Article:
The Reserve Bank recently released the latest update of its biannual financial stability review but before contemplating the results it is valuable to ask: why is financial stability in the economy important for the average citizen?
Financial stability, as the central bank puts it, is not itself an end goal but rather an important precondition for sustainable economic growth. Financial stability or instability therefore refers to how well the links are working between households, firms, the government and financial institutions and how stable the system is that allows for financial flows to occur between these players in the economy. Just as a human body relies on the circulatory system and its organs to generate and distribute blood and oxygen, an economy’s success is based on its ability to generate and distribute finance in an efficient manner to where it is needed most.
If this system breaks down, consumers struggle to borrow or save, investors struggle to invest, foreign sources of income dry up, inflation becomes unstable and, as market signals break down, money gets allocated incorrectly.
The financial stability review published on Tuesday, which covers the first six months of the year, mirrors the conclusions of the Global Competitiveness Report published by the World Economic Forum in May – that the financial institutions in South Africa are mostly sound, but labour relations provide the greatest risk to economic stability.
The three highest risks to financial stability in South Africa, which are also the three largest changes since the previous report, are: higher levels of domestic unemployment, labour unrest spreading to other industries and a global economic recovery causing a decline in the search for yields and lower demand for financial assets.
International risk factors have decreased in severity, but these gains are countered by the rise in domestic risk.
Labour unrest affects financial stability through its impact on growth, investment and the credit rating. The first consequence of labour disputes is a decrease in production and slower economic growth, turning South Africa into a less attractive destination for foreign investors.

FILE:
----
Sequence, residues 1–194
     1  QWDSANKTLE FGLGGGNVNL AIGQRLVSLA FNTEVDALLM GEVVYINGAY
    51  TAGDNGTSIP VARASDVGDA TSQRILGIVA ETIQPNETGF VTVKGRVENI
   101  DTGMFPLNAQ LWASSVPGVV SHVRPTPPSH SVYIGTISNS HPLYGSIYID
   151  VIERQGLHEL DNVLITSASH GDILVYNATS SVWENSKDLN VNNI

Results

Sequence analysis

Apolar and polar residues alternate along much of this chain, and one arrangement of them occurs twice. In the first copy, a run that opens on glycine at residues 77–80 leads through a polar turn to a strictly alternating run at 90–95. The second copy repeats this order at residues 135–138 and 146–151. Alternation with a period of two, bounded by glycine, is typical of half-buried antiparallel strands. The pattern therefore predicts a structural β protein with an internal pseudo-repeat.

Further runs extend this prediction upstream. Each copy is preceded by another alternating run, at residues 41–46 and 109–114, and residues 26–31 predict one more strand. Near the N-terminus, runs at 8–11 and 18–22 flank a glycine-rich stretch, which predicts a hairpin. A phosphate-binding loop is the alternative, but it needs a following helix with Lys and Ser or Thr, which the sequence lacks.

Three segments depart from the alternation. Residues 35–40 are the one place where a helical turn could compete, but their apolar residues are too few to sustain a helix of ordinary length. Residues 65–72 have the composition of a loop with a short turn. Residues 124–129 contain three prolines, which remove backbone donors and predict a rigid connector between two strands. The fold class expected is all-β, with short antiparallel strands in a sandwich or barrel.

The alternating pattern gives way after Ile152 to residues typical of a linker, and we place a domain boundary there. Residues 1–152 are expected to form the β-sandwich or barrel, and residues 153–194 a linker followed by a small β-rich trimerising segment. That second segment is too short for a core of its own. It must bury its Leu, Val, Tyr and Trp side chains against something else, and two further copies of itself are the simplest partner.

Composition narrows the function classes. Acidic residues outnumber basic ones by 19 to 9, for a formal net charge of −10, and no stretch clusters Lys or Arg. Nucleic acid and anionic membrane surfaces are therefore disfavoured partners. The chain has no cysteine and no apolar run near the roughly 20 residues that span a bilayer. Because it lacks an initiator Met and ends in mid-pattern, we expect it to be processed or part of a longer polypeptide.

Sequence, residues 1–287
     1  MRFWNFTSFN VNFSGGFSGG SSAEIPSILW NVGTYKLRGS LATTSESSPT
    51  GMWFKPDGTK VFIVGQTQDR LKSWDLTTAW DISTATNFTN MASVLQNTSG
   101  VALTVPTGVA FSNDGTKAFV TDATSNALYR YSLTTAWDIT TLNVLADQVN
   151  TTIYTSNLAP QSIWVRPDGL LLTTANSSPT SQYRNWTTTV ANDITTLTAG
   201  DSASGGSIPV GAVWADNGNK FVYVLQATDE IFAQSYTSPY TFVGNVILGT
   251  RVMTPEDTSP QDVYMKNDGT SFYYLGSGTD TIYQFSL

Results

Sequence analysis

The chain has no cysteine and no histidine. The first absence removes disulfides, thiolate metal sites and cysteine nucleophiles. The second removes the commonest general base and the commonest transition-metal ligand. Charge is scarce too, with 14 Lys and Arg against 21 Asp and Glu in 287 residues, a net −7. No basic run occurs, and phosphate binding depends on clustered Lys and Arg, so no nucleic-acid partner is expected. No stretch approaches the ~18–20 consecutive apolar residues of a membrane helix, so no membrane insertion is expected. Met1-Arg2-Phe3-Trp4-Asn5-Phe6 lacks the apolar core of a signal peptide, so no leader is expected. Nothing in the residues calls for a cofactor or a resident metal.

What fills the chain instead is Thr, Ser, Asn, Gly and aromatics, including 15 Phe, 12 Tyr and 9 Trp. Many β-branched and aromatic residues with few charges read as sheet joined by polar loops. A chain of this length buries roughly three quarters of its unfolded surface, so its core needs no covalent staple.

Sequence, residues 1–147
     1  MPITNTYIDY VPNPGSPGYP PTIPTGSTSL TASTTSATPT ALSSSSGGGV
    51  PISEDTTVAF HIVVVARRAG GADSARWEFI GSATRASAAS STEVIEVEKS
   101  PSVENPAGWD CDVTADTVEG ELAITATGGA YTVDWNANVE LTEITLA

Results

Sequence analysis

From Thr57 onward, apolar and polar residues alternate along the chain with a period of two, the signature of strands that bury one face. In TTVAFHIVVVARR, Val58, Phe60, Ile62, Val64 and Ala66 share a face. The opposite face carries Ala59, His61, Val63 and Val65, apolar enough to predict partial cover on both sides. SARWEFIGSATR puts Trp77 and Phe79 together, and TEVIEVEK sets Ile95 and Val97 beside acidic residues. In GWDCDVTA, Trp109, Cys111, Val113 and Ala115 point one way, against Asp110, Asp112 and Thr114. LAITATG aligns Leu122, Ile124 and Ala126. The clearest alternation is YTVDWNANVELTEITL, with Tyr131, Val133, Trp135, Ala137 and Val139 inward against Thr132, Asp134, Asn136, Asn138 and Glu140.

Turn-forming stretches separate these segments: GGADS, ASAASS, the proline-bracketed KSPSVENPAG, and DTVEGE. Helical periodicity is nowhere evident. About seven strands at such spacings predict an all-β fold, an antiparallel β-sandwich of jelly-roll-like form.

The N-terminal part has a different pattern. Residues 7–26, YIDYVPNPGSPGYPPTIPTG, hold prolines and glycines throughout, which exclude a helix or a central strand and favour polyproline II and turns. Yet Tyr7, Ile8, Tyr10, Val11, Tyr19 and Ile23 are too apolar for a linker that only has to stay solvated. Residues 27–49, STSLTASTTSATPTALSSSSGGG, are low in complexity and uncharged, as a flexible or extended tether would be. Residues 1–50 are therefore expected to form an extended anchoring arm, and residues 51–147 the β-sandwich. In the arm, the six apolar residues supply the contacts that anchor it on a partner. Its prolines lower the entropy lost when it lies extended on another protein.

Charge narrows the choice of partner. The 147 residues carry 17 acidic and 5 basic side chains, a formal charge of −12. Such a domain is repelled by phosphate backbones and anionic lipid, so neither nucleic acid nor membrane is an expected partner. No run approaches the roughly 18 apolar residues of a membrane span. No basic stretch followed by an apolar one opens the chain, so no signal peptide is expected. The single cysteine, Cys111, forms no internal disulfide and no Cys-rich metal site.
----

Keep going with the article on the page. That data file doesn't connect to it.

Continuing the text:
The increased burden on the state and decreased tax revenue puts pressure on the budget deficit, and coupled with decreased inflows on the financial account of the balance of payments, the sovereign credit rating soon comes under threat.
The major credit rating agencies such as Moody’s Investors Service and Standard & Poor’s – misinformed, biased and illegitimate wielders of power in my opinion – have the power to change the dynamic of the economy at the flip of a switch. Were they to downgrade South Africa’s credit rating, government borrowing costs would increase, further extending the budget deficit, capital inflows would decrease significantly and economic growth would take a knock. It is therefore critical, both for labour and the economy, that the process of wage negotiation is brought under control.
Another concern is the level of household debt and the vulnerability to changes in the financial sector. Currently at 75.8 percent of disposable income, such high levels of debt are made possible by the current low interest rate environment. Were a decrease in the credit rating to occur and interest rates to increase, households would see the cost of debt rise and many could buckle under the higher expenses.
Pierre Heistein is the convener of UCT’s Applied Economics for Smart Decision Making course. Follow him on Twitter @PierreHeistein